Marwan Boustany, IHS senior analyst for MEMS & Sensors in Mobile and Consumer Technology, had some additional and insightful comments:
Most wearables previously relied on an accelerometer and pressure sensor to gauge distance traveled for calories, but A GPS chip that processes sensor data will make it possible to have a detailed record of both activity and distance, contrasted with wearables/smartwatches that use or display data from a handset. This will lead to a trend of more autonomy and local processing in wearable devices.
"As mobile processing gets more efficient and powerful (sensor hubs and generally low power processors), we will start to see wearables that rely less and less on a smartphone for sensor processing, location data and even conectivity," he wrote in an email exchange.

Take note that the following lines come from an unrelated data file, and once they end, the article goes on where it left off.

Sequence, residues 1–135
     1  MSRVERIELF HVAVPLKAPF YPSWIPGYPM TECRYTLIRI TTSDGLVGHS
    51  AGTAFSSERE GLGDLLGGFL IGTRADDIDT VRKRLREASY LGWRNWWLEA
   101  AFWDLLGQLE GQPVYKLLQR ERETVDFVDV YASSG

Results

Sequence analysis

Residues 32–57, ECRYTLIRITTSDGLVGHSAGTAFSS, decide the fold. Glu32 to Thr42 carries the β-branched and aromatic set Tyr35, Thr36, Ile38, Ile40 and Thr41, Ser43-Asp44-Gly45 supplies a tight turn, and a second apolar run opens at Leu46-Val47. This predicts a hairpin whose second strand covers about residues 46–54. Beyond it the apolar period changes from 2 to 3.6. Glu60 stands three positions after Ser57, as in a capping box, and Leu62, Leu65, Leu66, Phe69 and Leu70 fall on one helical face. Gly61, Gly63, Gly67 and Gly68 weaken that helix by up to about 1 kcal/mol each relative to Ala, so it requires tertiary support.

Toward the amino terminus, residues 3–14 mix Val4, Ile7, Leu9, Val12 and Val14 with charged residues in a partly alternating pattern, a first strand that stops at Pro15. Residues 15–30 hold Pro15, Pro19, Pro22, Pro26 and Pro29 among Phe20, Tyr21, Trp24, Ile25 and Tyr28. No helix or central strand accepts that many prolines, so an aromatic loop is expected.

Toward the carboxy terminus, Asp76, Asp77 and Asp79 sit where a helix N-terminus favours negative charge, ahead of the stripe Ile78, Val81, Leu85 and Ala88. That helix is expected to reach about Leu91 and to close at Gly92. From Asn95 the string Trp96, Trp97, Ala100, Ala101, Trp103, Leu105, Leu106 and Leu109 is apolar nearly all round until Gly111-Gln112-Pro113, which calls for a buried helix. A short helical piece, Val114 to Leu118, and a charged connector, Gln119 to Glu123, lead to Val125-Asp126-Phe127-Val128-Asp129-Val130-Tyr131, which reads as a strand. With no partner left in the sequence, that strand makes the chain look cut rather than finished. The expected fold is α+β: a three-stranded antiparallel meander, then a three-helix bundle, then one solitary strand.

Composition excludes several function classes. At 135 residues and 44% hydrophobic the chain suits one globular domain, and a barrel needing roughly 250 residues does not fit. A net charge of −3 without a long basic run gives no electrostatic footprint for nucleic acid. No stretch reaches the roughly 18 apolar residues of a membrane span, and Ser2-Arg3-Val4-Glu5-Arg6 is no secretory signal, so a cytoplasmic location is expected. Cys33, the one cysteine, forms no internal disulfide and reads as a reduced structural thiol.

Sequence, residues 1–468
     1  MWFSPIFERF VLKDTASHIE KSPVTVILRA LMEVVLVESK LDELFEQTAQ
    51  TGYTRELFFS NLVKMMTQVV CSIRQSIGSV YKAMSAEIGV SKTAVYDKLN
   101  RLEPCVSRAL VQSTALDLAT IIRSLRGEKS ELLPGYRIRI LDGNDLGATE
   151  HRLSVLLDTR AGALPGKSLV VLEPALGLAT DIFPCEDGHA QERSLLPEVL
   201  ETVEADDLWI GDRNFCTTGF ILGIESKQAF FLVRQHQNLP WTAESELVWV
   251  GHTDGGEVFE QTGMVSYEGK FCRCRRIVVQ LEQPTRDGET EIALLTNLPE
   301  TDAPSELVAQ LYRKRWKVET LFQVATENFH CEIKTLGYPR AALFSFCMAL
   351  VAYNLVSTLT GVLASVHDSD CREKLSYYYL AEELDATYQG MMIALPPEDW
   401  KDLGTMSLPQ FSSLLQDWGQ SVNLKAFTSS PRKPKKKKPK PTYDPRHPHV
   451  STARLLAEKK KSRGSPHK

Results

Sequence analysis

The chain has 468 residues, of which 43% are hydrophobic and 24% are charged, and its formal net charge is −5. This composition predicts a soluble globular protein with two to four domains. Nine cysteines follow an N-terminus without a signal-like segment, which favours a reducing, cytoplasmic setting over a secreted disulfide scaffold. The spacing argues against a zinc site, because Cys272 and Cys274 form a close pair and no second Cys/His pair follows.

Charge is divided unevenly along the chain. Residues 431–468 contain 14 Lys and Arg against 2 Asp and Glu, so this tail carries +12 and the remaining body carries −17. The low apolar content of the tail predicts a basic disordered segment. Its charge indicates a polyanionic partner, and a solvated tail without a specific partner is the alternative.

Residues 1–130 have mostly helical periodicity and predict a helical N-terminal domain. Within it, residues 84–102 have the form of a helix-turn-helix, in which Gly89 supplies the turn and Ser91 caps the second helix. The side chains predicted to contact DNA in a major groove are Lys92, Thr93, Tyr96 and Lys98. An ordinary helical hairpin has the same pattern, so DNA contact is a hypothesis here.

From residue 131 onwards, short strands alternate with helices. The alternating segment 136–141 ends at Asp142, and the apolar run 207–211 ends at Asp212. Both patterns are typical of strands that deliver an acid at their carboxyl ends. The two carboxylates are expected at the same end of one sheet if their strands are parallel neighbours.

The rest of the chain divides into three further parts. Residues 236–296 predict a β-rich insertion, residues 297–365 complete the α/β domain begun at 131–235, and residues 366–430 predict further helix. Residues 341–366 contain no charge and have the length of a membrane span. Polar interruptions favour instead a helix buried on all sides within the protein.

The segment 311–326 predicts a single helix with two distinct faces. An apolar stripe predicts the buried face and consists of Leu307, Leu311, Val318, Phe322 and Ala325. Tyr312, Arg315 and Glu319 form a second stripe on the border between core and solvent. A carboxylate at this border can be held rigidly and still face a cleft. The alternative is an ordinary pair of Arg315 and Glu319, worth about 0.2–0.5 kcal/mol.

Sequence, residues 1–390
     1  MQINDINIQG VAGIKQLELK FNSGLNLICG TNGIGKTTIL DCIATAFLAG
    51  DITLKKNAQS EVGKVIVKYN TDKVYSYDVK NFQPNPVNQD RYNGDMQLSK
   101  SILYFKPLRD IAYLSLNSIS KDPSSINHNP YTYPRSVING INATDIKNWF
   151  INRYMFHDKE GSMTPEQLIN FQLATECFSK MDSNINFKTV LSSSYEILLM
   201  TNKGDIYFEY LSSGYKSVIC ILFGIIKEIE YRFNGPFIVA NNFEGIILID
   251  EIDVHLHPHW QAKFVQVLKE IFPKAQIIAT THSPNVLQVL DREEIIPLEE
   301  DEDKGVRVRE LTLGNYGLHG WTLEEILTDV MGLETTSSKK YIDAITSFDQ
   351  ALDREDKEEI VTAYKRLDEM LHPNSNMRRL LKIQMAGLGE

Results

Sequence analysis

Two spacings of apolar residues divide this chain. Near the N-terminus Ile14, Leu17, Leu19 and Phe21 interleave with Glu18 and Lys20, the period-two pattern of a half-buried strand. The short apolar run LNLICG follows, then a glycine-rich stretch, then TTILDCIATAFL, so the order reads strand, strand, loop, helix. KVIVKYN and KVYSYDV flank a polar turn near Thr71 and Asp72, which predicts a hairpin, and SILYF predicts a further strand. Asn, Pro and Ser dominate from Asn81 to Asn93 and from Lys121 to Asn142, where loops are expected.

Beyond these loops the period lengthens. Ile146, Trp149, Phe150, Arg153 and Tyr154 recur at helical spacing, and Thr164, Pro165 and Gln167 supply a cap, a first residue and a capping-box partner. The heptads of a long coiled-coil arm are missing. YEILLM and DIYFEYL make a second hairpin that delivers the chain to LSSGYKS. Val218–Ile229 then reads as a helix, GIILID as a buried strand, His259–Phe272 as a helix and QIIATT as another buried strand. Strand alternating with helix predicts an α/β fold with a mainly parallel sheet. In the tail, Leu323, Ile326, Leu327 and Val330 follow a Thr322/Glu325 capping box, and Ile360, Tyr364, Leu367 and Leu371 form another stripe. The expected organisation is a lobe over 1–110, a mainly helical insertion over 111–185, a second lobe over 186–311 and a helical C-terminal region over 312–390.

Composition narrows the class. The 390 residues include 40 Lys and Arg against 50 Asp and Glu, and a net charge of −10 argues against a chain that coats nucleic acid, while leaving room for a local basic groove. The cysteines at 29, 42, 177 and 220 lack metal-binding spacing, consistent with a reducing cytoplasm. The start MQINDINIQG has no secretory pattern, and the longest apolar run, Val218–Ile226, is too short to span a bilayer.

Boustany added that Broadcom's announcement is an expected technological advancement but shows a bright future for sensor hubs.
I am big fan of wearable and integrated devices but IMO the whole market is still not mature enough both in terms of technology and price. Mobile phone market has come a long way but i think the wearable devices will first be integrated in healthcare sector rather than in fashion market.
What are the engineering and design challenges in creating successful IoT devices? These devices are usually small, resource-constrained electronics designed to sense, collect, send, and/or interpret data. Some of the devices need to be smart enough to act upon data in real time, 24/7. Are the design challenges the same as with embedded systems, but with a little developer- and IT-skills added in? What do engineers need to know? Rick Merritt talks with two experts about the tools and best options for designing IoT devices in 2016. Specifically the guests will discuss sensors, security, and lessons from IoT deployments.